When the Mona Lisa was stolen: the 1911 art theft that made the painting world famous

Even if you’re not an art lover, you’ve seen reproductions of the Mona Lisa, Leonardo da Vinci’s famous 16th-century portrait that has been hailed as a masterpiece. Today, we see the Mona Lisa’s enigmatic smile on T-shirts, mugs, phone cases and mousepads. So popular and recognizable is she that it is hard for us to believe that the painting remained in relative obscurity in the Louvre museum in Paris until it was stolen in 1911. The theft and subsequent search for the painting brought worldwide attention to the Mona Lisa and made her the most recognized painting in the world. 

the theft

In August 1911, a handyman working for the Louvre Museum named Vincenzo Peruggia, an Italian national, hid overnight in a museum closet. In the early hours of the morning, he snuck out and retrieved the Mona Lisa from behind the protective glass case. During that time, there were no alarms in the museum and only a few night guards. Peruggia tucked the painting under his shirt and headed for the door. He had a moment of panic when the door didn’t open from the inside like he’d assumed it would. But a plumber showed up to do a job and was kind enough to unlock the door for Peruggia.

the discovery of the crime

The Mona Lisa was not reported missing for about 24 hours. It was not uncommon for the artwork on display to be routinely removed for cleaning and photographed, so the blank spot on the wall was not of immediate concern. In fact, it was a patron of the museum who first noticed and questioned the whereabouts of the painting. This man was a budding artist who had set up his easel to paint nearby, but he wasn’t inspired without the Mona Lisa watching him, so he asked the guards when the painting would be returned. Guards checked with museum photographers and cleaners and found that no one had the painting. He was gone.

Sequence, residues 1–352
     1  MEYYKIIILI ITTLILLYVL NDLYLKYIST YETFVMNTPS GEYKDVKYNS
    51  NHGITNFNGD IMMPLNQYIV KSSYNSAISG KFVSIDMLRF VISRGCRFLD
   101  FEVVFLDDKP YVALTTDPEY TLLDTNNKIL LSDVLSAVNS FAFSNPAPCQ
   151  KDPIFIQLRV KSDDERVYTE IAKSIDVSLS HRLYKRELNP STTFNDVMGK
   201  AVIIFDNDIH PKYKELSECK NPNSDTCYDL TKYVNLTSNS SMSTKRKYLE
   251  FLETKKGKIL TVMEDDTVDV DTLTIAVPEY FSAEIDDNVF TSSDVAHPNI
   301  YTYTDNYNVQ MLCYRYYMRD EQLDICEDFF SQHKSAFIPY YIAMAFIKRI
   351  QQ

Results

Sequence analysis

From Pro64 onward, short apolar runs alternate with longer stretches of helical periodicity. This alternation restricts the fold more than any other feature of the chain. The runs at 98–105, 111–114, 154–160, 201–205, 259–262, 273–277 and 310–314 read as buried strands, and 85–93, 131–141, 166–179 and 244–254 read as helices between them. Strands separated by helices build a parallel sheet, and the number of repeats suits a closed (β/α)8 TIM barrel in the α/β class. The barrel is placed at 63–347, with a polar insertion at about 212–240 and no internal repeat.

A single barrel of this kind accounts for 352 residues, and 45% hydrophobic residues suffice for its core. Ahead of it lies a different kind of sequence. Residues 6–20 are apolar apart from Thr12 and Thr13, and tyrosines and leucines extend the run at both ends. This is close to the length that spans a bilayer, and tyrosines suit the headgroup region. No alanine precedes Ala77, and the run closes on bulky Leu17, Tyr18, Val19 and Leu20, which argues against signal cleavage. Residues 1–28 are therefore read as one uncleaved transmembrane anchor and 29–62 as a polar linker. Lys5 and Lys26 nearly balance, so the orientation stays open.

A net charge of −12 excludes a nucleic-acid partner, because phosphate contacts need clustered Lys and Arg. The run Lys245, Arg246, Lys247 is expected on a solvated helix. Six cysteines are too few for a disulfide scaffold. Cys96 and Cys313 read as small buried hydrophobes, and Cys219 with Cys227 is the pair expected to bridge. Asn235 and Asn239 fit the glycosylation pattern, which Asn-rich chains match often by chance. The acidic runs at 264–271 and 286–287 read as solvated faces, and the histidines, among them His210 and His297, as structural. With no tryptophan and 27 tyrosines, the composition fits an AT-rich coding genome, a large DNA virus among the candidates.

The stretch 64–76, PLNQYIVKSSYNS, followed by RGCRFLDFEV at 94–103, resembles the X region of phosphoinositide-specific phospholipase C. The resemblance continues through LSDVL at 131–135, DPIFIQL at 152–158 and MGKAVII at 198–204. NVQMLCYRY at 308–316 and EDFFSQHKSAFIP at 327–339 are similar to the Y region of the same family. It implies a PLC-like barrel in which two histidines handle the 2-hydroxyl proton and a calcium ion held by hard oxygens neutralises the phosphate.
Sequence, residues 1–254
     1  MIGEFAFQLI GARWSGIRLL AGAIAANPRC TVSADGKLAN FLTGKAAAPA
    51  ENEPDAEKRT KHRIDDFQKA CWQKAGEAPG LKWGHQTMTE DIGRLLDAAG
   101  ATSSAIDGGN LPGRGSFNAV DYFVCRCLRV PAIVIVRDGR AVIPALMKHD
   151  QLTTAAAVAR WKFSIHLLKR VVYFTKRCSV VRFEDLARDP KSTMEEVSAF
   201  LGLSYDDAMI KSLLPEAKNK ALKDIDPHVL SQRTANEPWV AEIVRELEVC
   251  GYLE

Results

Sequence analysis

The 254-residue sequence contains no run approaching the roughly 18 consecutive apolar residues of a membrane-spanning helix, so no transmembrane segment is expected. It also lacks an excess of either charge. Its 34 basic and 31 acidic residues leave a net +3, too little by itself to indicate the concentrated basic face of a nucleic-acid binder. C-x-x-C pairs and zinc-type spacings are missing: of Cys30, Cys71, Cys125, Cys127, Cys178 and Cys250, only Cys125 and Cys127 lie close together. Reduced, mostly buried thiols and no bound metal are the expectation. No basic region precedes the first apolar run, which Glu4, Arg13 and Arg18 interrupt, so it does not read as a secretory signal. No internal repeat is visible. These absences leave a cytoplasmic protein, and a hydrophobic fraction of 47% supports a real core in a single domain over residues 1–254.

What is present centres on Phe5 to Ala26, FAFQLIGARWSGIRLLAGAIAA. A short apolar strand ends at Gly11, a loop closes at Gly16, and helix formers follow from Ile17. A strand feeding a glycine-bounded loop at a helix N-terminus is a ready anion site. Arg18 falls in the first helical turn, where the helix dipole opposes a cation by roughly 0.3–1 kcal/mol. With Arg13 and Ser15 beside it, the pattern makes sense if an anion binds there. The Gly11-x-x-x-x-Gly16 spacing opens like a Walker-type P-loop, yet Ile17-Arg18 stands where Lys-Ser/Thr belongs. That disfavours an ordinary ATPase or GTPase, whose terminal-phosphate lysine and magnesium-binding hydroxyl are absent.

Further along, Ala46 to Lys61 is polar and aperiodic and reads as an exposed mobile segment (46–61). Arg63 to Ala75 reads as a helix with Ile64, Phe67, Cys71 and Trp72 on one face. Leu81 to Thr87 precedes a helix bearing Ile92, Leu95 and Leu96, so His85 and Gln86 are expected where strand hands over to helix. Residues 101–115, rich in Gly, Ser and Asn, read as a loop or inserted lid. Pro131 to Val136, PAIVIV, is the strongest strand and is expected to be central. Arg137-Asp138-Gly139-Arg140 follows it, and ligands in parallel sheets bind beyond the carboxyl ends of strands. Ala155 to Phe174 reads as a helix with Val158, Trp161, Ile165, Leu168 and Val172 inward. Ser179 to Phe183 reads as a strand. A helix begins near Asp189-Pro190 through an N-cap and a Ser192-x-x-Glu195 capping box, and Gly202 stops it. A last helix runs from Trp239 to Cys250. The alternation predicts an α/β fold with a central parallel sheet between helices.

The investigation

Who could have stolen the Mona Lisa? Paris police and the general public had theories about the theft. According to one theory, American millionaires were buying priceless masterpieces on the black market and therefore it was thought that one of them might have ordered the theft of the Mona Lisa. JP Morgan was asked about this, as was Pablo Picasso. Or the Germans could be behind the theft. During this time, tensions between France and Germany were coming to a head and many French citizens believed that the German Kaiser was responsible for the theft. Naturally, the police interviewed the people who worked at the Louvre. Peruggia was, in fact, interviewed twice by the authorities. Both times, the police concluded that he could not have pulled off such a sophisticated robbery. 

The recovery

In December 1913, about two and a half years after the Mona Lisa was stolen, Vincenzo Peruggia finally worked up the courage to send a letter to an art dealer in Florence, Italy. A meeting was arranged between Peruggia, the art dealer, and the director of an art gallery in Florence. Then the art dealer saw the seal on the back of the painting, he knew he was dealing with the real Mona Lisa. He and the director of the art gallery asked Peruggia to leave the painting with them, and they transferred payment to him. But shortly after Peruggia returned home, the police broke in and arrested him. The Mona Lisa was returned to the Louvre and Peruggia was sentenced to seven months in prison.